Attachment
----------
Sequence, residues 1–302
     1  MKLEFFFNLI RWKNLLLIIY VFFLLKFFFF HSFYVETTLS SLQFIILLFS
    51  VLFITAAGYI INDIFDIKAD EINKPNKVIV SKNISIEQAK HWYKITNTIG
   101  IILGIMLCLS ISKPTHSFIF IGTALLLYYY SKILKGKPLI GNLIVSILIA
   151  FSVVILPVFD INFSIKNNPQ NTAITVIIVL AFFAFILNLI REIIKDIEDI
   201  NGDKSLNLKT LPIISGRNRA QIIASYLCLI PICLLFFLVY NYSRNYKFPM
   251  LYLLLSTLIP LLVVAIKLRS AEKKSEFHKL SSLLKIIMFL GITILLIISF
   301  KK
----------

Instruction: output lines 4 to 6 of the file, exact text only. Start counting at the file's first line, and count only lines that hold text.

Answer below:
   101  IILGIMLCLS ISKPTHSFIF IGTALLLYYY SKILKGKPLI GNLIVSILIA
   151  FSVVILPVFD INFSIKNNPQ NTAITVIIVL AFFAFILNLI REIIKDIEDI
   201  NGDKSLNLKT LPIISGRNRA QIIASYLCLI PICLLFFLVY NYSRNYKFPM